OSPF auto-cost reference-bandwidth 100000

Answered Question

Is this a 100 gig reference cost?

Are there any drawbacks to going this high?

I have this problem too.
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Correct Answer by Joseph W. Doherty about 7 years 10 months ago

As Giuseppe notes, the OSPF cost metric is a 16 bit value, and what can happen is slower links can overflow the metric cost. Remember, it's not just one link's metric, because the metric is cumulative from router to destination (depending on route types and area configuration).

From my experience, when the metic overflows it stays at the maximum value. What happens, if you have multiple paths to a destination, OSPF might not be able to distinguish a lower cumulative bandwidth path from a better path, i.e. they will look equal. (BTW: this is sort of the converse if you leave the default Cisco OSPF cost based on 100 Mbps, can't distiguish from 100 Mbps, from anything with higher bandwidth, e.g. multiple 100 Mbps Etherchannel, gig, etc.)

Correct Answer by Giuseppe Larosa about 7 years 10 months ago

Hello Andrew,

yes in this way an ip ospf cost 1 is associated to a 100GE link.

the link OSPF cost is an unsigned 16 bit quantity.

in this way a link with maximum cost 65535 is a link with bandwidth 1,5 Mbps.

So you haven't in your network links with speeds less then T1 you should be fine.

If there are their cost is the maximum possible or the lowest 16 bits of the ratio ?

I don't know.

If it is the lowest 16 bits it can be a problem that you can fix by setting manually the cost to 65534.

you can check with

sh ip ospf interface

to perform the test whatever interface is you can set an artifical low bandwidth then configure ospf with the autoreference-bw 1000000 and see what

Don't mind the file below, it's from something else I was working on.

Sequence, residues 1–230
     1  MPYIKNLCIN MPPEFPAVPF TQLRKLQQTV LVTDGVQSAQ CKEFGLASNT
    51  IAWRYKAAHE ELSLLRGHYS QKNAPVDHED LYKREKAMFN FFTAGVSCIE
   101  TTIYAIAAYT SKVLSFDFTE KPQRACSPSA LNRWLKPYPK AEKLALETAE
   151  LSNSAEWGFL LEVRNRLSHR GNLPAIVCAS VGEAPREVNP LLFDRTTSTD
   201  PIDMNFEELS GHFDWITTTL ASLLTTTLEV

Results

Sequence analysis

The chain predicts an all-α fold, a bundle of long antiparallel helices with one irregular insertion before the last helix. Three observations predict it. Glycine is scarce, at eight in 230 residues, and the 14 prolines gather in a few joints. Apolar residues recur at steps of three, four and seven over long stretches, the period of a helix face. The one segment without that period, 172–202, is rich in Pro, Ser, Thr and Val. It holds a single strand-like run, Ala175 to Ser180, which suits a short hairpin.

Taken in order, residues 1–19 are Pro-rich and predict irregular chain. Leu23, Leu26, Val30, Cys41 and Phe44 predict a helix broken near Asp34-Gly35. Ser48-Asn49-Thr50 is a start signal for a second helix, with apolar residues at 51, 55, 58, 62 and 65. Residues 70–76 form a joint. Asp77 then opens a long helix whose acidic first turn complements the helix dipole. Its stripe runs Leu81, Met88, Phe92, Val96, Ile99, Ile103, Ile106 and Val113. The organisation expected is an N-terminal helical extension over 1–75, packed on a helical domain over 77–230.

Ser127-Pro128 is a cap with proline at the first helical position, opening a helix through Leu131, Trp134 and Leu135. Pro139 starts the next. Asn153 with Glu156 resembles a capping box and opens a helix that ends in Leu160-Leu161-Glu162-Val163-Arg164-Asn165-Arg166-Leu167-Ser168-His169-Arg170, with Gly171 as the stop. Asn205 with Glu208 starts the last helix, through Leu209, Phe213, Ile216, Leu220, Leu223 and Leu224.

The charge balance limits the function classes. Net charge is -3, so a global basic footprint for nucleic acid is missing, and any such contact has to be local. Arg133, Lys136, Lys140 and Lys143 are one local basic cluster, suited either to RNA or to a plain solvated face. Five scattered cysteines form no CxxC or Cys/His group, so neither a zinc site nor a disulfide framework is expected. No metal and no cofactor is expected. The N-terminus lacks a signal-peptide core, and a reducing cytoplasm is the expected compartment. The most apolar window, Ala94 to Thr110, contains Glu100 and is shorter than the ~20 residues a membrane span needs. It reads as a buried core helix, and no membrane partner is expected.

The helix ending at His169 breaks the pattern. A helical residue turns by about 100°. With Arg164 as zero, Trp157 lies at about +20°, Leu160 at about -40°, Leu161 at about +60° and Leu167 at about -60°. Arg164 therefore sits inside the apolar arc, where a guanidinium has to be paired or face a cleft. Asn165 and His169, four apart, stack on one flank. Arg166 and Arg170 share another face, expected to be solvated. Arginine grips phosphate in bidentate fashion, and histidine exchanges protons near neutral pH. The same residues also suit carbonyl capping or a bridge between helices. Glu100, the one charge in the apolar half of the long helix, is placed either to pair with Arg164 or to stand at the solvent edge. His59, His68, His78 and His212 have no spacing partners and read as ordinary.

sh ip ospf interface

tells about the cost.

Hope to help

Giuseppe

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Correct Answer
Giuseppe Larosa Sun, 01/25/2009 - 12:34

Hello Andrew,

yes in this way an ip ospf cost 1 is associated to a 100GE link.

the link OSPF cost is an unsigned 16 bit quantity.

in this way a link with maximum cost 65535 is a link with bandwidth 1,5 Mbps.

So you haven't in your network links with speeds less then T1 you should be fine.

If there are their cost is the maximum possible or the lowest 16 bits of the ratio ?

I don't know.

If it is the lowest 16 bits it can be a problem that you can fix by setting manually the cost to 65534.

you can check with

sh ip ospf interface

to perform the test whatever interface is you can set an artifical low bandwidth then configure ospf with the autoreference-bw 1000000 and see what

sh ip ospf interface

tells about the cost.

Hope to help

Giuseppe

Correct Answer
Joseph W. Doherty Sun, 01/25/2009 - 17:06

As Giuseppe notes, the OSPF cost metric is a 16 bit value, and what can happen is slower links can overflow the metric cost. Remember, it's not just one link's metric, because the metric is cumulative from router to destination (depending on route types and area configuration).

From my experience, when the metic overflows it stays at the maximum value. What happens, if you have multiple paths to a destination, OSPF might not be able to distinguish a lower cumulative bandwidth path from a better path, i.e. they will look equal. (BTW: this is sort of the converse if you leave the default Cisco OSPF cost based on 100 Mbps, can't distiguish from 100 Mbps, from anything with higher bandwidth, e.g. multiple 100 Mbps Etherchannel, gig, etc.)

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